3. Address contact lens noncompliance.
Discussing poor compliance can often be an awkward conversation. Depending on the rapport you’ve built with the patient and their personality, you may choose to put a light-hearted spin on your gentle rebuke, or you may need to take a more professional but firm approach. Either way, poor contact lens habits should not be overlooked as it can lead to or exacerbate existing intolerance, and in the worst-case scenario, cause vision-threatening complications.
4. Know when contact lens wear is simply not viable for this patient (and then offer an alternative solution).
Some patients are simply not good candidates for contact lens wear. Though they may be disappointed, these patients should still be made to feel as if you are offering them a solution to improve their situation, whatever the original reason for their interest in contact lenses. For some, it may be a referral to a refractive ophthalmologist; for others, it may be taking the time to locate perfectly fitting sports goggles.
Taking a proactive approach to addressing contact lens intolerance is beneficial for both you and your patients. By putting in the time and effort to discuss the problem and find a solution, you keep your patients happily in their lenses while building your reputation as a caring problem solver.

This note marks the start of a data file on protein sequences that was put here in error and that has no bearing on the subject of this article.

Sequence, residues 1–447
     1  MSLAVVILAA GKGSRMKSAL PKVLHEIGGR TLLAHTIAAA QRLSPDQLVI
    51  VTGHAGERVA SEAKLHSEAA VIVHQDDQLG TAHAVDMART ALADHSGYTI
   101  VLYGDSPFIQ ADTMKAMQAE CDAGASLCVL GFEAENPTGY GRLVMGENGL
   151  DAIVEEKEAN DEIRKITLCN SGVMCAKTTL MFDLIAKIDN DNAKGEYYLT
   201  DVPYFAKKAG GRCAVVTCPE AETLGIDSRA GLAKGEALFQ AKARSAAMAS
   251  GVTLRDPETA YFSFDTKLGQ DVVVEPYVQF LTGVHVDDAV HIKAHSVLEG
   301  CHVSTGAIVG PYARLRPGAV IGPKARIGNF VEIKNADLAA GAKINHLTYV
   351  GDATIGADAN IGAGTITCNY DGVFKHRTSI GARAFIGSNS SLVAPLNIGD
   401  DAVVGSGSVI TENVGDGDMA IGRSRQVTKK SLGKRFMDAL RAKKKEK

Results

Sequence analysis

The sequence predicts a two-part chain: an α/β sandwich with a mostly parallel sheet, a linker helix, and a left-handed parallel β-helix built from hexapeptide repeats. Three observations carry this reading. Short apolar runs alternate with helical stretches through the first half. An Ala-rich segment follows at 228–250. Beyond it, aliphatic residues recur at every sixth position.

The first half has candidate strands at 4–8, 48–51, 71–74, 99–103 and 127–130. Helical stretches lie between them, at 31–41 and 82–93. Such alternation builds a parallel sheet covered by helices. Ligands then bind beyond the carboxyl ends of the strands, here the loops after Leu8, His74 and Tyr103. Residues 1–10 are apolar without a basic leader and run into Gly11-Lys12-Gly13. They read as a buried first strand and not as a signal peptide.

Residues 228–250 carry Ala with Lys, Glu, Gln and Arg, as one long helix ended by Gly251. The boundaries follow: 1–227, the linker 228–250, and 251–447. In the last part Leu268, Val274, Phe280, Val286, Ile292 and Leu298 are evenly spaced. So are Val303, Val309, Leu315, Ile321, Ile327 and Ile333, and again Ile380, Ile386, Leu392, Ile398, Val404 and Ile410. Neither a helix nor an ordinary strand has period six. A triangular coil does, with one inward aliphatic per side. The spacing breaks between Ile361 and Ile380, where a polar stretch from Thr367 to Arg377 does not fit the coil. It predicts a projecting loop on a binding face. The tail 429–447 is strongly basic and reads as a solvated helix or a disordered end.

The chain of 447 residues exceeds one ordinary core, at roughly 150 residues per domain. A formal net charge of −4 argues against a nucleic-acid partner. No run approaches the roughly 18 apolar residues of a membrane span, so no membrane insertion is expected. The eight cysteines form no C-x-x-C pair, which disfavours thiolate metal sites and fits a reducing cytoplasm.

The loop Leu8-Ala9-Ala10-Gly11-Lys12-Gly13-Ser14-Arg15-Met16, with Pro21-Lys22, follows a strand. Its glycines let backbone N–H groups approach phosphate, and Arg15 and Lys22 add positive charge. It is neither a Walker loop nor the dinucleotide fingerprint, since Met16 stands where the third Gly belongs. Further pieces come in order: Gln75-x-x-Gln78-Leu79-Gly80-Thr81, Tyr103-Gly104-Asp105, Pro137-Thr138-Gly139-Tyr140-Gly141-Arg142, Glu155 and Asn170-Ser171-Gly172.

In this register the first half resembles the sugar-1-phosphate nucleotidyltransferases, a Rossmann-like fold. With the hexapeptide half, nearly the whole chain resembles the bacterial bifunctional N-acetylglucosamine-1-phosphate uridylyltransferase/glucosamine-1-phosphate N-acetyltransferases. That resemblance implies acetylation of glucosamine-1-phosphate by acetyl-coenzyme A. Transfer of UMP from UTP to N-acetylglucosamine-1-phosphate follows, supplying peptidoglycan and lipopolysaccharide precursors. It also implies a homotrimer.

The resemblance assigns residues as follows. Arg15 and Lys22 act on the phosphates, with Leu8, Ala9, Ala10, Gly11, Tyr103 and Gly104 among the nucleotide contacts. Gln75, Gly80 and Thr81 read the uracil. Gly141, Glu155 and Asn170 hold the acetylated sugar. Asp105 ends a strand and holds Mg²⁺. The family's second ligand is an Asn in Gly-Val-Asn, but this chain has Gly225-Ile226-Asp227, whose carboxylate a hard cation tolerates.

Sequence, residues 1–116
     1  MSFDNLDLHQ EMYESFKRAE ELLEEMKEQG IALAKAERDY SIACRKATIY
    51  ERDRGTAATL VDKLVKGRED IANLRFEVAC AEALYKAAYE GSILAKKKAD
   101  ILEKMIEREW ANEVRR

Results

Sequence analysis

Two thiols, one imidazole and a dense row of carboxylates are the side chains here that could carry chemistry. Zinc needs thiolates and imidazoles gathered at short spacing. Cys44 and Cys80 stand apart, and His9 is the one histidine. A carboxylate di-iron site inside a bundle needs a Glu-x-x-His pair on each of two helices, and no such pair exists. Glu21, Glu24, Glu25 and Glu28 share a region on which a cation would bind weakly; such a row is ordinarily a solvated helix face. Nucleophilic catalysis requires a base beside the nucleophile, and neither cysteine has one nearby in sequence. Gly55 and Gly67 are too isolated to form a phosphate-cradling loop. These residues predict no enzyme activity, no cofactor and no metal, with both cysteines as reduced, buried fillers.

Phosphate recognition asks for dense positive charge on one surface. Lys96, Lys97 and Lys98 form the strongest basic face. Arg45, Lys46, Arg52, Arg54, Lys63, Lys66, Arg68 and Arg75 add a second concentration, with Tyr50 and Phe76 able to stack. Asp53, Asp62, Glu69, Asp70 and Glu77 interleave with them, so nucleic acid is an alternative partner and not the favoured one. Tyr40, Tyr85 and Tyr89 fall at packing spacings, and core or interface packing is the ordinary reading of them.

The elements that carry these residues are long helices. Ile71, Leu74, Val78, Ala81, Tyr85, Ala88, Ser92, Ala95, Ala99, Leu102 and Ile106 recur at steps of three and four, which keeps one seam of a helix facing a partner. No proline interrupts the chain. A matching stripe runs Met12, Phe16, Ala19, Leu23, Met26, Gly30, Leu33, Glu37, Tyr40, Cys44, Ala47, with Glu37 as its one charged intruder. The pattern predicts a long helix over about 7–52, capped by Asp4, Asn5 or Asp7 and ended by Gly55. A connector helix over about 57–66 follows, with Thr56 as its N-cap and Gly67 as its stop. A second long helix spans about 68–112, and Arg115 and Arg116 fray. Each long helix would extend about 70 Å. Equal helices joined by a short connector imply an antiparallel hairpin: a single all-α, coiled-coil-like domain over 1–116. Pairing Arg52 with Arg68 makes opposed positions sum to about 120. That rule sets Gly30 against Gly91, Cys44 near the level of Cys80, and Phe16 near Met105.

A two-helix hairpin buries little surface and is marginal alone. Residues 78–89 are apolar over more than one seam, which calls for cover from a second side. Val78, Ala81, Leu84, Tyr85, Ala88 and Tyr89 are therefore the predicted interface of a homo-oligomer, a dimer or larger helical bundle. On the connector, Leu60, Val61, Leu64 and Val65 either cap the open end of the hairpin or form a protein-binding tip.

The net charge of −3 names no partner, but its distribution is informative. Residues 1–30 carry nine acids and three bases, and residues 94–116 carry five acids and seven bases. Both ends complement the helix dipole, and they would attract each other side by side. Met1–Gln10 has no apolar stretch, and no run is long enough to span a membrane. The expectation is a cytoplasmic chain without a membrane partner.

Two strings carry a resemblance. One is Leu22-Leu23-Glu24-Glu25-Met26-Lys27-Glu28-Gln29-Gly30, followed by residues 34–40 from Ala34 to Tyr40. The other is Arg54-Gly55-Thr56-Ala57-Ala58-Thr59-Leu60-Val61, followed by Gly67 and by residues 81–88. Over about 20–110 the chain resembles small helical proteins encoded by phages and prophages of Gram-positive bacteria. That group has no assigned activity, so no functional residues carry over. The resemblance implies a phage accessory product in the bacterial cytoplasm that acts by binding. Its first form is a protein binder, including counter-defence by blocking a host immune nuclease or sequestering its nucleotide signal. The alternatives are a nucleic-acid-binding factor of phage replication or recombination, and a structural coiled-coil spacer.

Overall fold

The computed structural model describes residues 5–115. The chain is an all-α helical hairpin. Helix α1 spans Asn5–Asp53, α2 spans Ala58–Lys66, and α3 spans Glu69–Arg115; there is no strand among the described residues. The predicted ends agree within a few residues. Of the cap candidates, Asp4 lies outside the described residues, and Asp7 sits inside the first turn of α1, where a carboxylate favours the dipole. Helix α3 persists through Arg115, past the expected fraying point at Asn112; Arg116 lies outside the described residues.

- Business Wire. Australia Contact Lens Markets, 2018-2022 & 2023-2028: From Myopia to Innovation – Market on the Rise – ResearchAndMarkets.com. https://www.businesswire.com/. 2023. Available at: https://www.businesswire.com/news/home/20230815213947/en/Australia-Contact-Lens-Markets-2018-2022-2023-2028-From-Myopia-to-Innovation—Market-on-the-Rise—ResearchAndMarkets.com#:~:text=Australia%20contact%20lens%20market%20is,capabilities%20start%20to%20deteriorate%20gradually. (Accessed August 2023).
- Eyes on Eyecare. How to Talk to Patients About Contact Lens Intolerance. https://eyesoneyecare.com/. 2023. Available at: https://eyesoneyecare.com/resources/how-talk-to-patients-about-contact-lens-intolerance/. (Accessed August 2023).
- Centre for Sight. Contact Lens Intolerance. https://www.centreforsight.com/. 2023. Available at: https://www.centreforsight.com/blog/contact-lens-intolerance. (Accessed August 2023).
- Pucker A, Tichenor A. A Review of Contact Lens Dropout. Clinical Optometry. 2020;12:85-94.
- Alipour F, Khaheshi S, Soleimanzadeh M, Heidarzadeh S, Heydarzadeh S. Contact Lens-related Complications: A Review. J Ophthalmic Vis Res. 2017;12(2):193-204.
- Sulley A, Young G, Hunt C. Factors in the success of new contact lens wearers. Cont Lens Anterior Eye. 2017;40(1):15–24